Catherine Hakim

From, the incel encyclopedia

Catherine Hakim is a blackpilled sociologist who wrote Honey Money: The power of erotic capital, which explains how to take advantage of sexual sublimation.

Male sex deficit[edit]

She argued that there has developed a sex deficit since the sexual revolution that primarily affects men. She also claims that men have a libido that is one average twice as high as women. As such, she has proposed fully legalizing sex work.[1] The popularization of the term “sex deficit” can in substantial parts be attributed to her. She uses the term in the context of male sexlessness.

Gender attractiveness disparity[edit]

One of the more groundbreaking claims by Catherine Hakim isn’t necessarily that women are more attractive than men (everyone knows that), but what the implication of this reality is. Facial biometric technology has given us the possibility of determining attractiveness on an objective basis, rather than the subjective basis which tends to be the common trope of the “we’re all beautiful in our own way” crowd. One a website called Marquardt Beauty Analysis there is a mask which can be overlayed over one’s face and test one’s attractiveness based on how closely it correlates with the mask of which women have a higher correlation.[2] However, social tropes arguably play a bigger role in gender perceptions, as women are often described with terms such as the fairer sex, or frequently have attractiveness associated with them, such as being called beautiful, or pretty, which happens much less often for males.

To get back to Hakim, she says that women have more erotic capital than men, which is a fancy way of saying that women are more attractive than men. Coupled with her arguments suggesting a male sex deficit, she suggests women should take advantage of their erotic capital.[3] In another article she titled “Attractive wins and ugly loses in today’s rat race”, she also suggests that more attractive people are privileged in comparison to their less attractive counterparts who are disadvantaged.[4]

As a whole, the conclusion one could take from Catherine Hakim’s analysis is that not only are men disadvantaged in the dating scene in comparison to women, but since they are at least conventionally portrayed as less attractive overall in comparison with the fairer sex, they also face additional disadvantages pertaining to aesthetic appearance in that regard.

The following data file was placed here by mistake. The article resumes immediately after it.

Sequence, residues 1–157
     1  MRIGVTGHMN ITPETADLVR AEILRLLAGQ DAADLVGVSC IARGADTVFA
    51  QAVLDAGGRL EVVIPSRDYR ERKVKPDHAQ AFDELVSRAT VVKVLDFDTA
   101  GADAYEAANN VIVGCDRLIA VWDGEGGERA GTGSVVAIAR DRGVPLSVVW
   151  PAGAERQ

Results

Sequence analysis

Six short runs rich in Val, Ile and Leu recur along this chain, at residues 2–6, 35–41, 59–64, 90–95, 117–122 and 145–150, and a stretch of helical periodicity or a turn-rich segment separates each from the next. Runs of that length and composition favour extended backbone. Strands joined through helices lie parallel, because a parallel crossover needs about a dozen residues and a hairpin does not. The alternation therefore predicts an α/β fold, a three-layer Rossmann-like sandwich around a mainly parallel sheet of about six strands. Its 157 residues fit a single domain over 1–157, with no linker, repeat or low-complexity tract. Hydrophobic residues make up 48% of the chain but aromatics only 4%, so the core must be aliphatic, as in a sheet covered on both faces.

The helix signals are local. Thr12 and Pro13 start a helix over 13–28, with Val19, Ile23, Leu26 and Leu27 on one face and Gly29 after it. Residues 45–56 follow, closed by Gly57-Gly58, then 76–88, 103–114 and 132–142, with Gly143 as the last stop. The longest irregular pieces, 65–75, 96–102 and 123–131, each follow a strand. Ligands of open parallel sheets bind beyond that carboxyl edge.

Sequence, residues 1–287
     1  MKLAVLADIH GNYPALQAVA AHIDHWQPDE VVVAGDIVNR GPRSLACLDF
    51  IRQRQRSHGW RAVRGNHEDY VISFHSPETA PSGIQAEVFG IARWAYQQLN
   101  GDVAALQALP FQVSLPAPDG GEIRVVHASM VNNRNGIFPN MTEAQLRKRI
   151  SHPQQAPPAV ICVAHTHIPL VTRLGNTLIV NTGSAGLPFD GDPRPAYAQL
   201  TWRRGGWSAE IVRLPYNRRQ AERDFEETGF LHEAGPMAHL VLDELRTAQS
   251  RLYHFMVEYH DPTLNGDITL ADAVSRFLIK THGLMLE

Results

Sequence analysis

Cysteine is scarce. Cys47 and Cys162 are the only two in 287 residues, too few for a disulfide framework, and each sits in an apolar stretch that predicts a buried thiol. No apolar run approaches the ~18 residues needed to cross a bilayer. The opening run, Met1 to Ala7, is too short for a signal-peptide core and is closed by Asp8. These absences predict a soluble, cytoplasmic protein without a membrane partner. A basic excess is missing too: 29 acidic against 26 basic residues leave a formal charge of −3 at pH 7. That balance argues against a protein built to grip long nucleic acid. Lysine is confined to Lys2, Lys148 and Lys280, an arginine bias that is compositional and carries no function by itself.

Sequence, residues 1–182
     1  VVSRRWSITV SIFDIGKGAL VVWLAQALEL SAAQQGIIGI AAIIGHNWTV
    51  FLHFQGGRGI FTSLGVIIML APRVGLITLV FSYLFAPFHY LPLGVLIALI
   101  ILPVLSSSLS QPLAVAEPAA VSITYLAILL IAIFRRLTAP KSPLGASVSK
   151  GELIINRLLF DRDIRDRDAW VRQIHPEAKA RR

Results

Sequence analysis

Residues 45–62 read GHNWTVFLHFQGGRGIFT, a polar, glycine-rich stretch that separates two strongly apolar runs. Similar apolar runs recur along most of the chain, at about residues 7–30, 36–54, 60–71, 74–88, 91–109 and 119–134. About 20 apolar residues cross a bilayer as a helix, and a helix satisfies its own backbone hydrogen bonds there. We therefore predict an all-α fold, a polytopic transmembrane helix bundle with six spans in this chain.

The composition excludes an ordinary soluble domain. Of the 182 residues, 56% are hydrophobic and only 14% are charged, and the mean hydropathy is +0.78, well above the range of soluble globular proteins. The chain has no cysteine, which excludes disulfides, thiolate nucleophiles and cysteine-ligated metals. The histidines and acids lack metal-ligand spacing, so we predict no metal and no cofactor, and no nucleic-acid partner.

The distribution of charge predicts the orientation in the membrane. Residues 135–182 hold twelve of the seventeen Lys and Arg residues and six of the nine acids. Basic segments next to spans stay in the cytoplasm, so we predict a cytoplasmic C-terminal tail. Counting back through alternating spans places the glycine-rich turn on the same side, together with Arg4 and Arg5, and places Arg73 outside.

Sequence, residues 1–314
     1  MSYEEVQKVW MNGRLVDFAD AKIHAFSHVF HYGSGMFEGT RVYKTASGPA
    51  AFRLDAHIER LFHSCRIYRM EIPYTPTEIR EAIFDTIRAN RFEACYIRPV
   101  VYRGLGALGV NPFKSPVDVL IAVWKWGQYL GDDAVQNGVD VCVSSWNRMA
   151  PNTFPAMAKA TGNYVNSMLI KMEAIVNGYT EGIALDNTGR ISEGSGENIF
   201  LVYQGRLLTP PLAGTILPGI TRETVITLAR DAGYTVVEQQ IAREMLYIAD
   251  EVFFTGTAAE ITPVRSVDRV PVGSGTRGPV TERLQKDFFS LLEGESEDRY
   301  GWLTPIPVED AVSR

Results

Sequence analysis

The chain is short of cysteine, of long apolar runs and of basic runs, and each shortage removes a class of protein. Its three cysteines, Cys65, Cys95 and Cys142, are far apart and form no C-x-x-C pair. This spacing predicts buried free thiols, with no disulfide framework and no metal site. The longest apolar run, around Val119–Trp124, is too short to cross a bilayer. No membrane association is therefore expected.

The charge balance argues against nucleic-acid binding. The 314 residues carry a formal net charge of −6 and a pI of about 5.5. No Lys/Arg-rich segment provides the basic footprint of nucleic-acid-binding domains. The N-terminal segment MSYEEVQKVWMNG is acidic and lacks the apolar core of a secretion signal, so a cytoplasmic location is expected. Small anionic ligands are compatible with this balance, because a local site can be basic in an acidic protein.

See also[edit]


Anthony PerkinsCharles BukowskiCharles FourierChristine ChubbuckDaniel JohnstonFriedrich NietzscheGiacomo LeopardiH.P. LovecraftHenri de Toulouse-LautrecHenry FlyntJoseph MerrickLudwig van BeethovenNikola TeslaOtto WeiningerQuasimodoVincent van GoghHenry CavendishOliver HeavesideJeremy BenthamJuliette Récamier


Arthur SchopenhauerGiacomo CasanovaJohn Humphrey Noyes

History articles

History of female sex-favoritismHistory of the incelosphereHistory of the Love-shy RevolutionSexual revolutionLumpenproletariatDC9 Facebook Group


A History of CelibacyCreepFacial Aesthetics: Concepts and Clinical DiagnosisHoney Money: The power of erotic capitalKill All NormiesMännliche Absolute BeginnerMarsSex and CharacterSex and CultureSexual Utopia in PowerShyness and LoveSind Singles anders?The Great UnmarriedThe Love-Shy Survival GuideThe Manipulated ManThe Myth of Male PowerUnfreiwillig SingleUntouchedWhateverWomen As Sex VendorsIncel: A novel


Alfred KinseyAngela NagleAntoine BanierArne HoffmannBeate KüpperBrian GilmartinCarol QueenCatherine HakimDenise DonnellyDustin SheplerEdward DuttonFranco BasagliaJ. D. UnwinJordan PetersonKristin SpitznogleLaura CarpenterMichel ClouscardMichel HouellebecqMike CrumplarOlaf WickenhöferRebecca KarlénReid MihalkoRobin SprengerRoger DevlinScott AaronsonScott AlexanderTalmer ShockleyTim SquirrellWalter M. GallichanWilhelm ReichVox DayThe Jolly HereticMenelaos Apostolou
William H. Masters and Virginia E. Johnson